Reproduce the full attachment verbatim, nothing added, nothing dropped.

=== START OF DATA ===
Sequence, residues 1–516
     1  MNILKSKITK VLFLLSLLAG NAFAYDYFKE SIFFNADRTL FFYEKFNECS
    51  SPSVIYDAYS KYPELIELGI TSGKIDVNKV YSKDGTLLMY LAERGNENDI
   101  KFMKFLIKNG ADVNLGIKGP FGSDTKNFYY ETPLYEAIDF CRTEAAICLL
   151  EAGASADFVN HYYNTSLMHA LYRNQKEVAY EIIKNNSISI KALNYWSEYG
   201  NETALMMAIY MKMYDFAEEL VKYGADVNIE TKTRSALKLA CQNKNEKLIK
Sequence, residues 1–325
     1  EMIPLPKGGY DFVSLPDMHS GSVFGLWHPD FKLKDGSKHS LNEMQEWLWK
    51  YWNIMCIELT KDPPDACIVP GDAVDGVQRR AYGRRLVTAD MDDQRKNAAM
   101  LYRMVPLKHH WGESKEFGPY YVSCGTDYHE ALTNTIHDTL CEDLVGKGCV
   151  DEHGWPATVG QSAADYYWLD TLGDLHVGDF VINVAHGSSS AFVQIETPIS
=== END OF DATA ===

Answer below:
Sequence, residues 1–516
     1  MNILKSKITK VLFLLSLLAG NAFAYDYFKE SIFFNADRTL FFYEKFNECS
    51  SPSVIYDAYS KYPELIELGI TSGKIDVNKV YSKDGTLLMY LAERGNENDI
   101  KFMKFLIKNG ADVNLGIKGP FGSDTKNFYY ETPLYEAIDF CRTEAAICLL
   151  EAGASADFVN HYYNTSLMHA LYRNQKEVAY EIIKNNSISI KALNYWSEYG
   201  NETALMMAIY MKMYDFAEEL VKYGADVNIE TKTRSALKLA CQNKNEKLIK
Sequence, residues 1–325
     1  EMIPLPKGGY DFVSLPDMHS GSVFGLWHPD FKLKDGSKHS LNEMQEWLWK
    51  YWNIMCIELT KDPPDACIVP GDAVDGVQRR AYGRRLVTAD MDDQRKNAAM
   101  LYRMVPLKHH WGESKEFGPY YVSCGTDYHE ALTNTIHDTL CEDLVGKGCV
   151  DEHGWPATVG QSAADYYWLD TLGDLHVGDF VINVAHGSSS AFVQIETPIS